Why not use something like GNU grep? It's strictly command-line, and it can be set for silent mode too. Download and/or read documentation at: <http://www.gnu.org/software/grep/>
But if you want an app that provides an easy-to-use GUI for building & saving sets of search-replace operations -- which you can then call from a command-line -- consider BK ReplaceEm.
This 32-bit Windows freeware application hasn't been supported or distributed by its developer Bill Klein (BK) for a number of years. But it was once considered among the very best search-n-replace apps (free or not). And I think it still deserves such consideration.
For a rather complicated example of the very sort which originally inspired BK to create his application, see: <http://www.ccp14.ac.uk/ccp14admin/bkreplacem/index.html>.
But the download URL on the latter webpage is dead. To download it, you must use an archive website like SnapFiles: <http://files.snapfiles.com/localdl834/bkrep20.exe>.
It's a very safe program to install & try -- it just puts its files in a single folder w/o any changes to the registry, as I recall.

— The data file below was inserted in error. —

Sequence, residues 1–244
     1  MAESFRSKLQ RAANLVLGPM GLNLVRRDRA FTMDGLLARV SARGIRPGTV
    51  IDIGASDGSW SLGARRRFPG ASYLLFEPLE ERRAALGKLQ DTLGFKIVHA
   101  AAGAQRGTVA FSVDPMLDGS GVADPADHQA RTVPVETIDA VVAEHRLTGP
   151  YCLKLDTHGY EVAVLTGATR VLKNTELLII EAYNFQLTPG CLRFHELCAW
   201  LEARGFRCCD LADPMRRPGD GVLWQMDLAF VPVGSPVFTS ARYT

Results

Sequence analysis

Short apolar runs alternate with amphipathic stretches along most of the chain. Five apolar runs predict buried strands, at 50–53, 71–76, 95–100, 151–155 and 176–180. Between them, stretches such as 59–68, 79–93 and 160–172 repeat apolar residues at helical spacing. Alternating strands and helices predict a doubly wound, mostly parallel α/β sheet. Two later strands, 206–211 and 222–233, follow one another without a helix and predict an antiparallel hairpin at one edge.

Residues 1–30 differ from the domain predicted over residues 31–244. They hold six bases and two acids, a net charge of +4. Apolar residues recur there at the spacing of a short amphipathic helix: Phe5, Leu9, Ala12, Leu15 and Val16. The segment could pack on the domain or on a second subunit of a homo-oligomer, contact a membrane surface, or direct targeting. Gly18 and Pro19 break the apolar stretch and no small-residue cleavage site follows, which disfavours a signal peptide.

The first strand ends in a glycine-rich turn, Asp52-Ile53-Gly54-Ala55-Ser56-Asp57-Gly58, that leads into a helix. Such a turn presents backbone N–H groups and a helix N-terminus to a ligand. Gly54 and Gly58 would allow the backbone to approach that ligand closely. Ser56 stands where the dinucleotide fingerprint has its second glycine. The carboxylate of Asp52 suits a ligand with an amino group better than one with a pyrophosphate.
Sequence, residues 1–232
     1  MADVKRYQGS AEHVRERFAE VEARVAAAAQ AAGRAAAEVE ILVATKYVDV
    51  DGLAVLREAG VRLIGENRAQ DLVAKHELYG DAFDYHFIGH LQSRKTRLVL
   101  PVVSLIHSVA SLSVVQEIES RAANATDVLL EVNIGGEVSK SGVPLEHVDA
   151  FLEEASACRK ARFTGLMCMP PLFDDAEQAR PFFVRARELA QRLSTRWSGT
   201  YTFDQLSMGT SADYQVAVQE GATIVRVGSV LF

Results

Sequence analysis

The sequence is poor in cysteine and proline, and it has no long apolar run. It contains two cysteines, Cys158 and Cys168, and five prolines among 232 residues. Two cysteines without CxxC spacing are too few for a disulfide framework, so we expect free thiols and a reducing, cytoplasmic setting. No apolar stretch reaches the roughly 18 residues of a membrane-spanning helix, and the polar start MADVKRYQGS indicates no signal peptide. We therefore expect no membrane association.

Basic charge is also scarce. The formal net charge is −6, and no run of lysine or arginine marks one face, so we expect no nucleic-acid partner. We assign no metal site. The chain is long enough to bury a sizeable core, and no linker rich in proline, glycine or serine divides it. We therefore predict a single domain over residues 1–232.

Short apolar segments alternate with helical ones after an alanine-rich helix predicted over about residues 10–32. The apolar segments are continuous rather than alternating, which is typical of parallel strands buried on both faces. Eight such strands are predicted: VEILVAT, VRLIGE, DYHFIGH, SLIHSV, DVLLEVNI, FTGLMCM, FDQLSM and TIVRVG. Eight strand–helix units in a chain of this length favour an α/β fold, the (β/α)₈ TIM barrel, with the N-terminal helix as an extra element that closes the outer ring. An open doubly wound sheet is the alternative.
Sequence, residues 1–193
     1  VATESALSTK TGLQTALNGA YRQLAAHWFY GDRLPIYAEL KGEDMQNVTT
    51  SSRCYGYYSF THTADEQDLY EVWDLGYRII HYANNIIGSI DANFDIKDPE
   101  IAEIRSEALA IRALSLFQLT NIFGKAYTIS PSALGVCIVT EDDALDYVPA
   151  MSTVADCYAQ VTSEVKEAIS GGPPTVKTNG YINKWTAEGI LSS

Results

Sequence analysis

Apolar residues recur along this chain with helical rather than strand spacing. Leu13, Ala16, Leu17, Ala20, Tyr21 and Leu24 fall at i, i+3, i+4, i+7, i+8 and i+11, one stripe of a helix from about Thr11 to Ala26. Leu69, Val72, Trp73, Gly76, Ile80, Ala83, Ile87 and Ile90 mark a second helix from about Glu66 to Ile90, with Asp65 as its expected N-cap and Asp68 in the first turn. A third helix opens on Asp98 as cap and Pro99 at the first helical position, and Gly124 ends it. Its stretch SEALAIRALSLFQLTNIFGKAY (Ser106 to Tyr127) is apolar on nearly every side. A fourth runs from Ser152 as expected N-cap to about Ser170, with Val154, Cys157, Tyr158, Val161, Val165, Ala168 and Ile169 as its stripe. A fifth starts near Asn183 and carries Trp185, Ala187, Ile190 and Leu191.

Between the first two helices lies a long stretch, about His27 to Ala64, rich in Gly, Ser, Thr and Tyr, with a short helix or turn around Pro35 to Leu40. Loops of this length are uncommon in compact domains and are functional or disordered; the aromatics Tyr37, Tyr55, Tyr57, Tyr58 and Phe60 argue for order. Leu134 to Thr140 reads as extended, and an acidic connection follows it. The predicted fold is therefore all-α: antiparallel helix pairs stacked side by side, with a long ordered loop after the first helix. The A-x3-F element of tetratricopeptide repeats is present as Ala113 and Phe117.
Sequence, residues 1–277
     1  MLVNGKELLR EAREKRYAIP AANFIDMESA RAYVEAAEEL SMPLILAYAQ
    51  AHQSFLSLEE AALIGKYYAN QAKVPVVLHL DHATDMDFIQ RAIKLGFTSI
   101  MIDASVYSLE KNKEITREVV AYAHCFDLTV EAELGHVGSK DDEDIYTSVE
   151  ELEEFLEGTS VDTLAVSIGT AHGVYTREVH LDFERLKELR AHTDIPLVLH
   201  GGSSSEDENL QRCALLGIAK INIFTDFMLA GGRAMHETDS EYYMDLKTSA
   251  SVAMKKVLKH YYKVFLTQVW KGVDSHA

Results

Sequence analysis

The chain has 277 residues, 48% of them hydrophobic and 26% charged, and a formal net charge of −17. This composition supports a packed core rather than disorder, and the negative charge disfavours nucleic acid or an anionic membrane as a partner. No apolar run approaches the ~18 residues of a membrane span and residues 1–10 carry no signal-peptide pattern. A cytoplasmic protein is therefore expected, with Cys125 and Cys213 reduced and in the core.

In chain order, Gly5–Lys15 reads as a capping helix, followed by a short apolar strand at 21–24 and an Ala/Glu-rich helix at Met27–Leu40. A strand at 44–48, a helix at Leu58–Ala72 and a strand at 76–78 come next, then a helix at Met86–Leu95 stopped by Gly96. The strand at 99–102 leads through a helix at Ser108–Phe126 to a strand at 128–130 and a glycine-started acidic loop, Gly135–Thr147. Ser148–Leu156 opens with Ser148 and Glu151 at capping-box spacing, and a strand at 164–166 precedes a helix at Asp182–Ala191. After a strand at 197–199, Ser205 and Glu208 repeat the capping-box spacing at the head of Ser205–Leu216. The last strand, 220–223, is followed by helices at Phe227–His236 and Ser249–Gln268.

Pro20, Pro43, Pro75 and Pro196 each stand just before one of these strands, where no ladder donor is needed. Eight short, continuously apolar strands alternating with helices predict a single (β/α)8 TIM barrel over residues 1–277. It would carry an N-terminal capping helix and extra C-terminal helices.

With BK ReplaceEm, you use replace groups and file sets.
A replace group consists of a series of search & replace strings (regular expressions & 'range replacements' are supported, and any series of simple boolean operations can be input & saved via the GUI too).
A file set consists of a single file, multiple files, or a whole directory -- perhaps filtered by particular file extensions. Whatever.
You can have the program create a backup copy of every file it operates on, in case things don't go as you expected.
You can have the program output to different locations too. And if you want, you can set the application to run additional -- and different -- replacement operations on all files found in that second location. Logs can be generated too.
I hope that's an accurate description. It's a been a while since I've used it. I invested in the very expensive TextPipe Pro a couple years ago, which, I think is the application BK ReplaceEm most resembles.
BTW, anyone interested in search & replacement operations would be well-served by Friedl's book, 'Mastering Regular Expressions', now in its 3rd edition from O'Reilly. I'm not a programmer, but this book has helped me greatly in parsing & editing text, in website development & maintenance, even in finding & managing files on my desktop PC -- all via the numerous applications that now support Perl & other varieties (like grep) of regular expressions.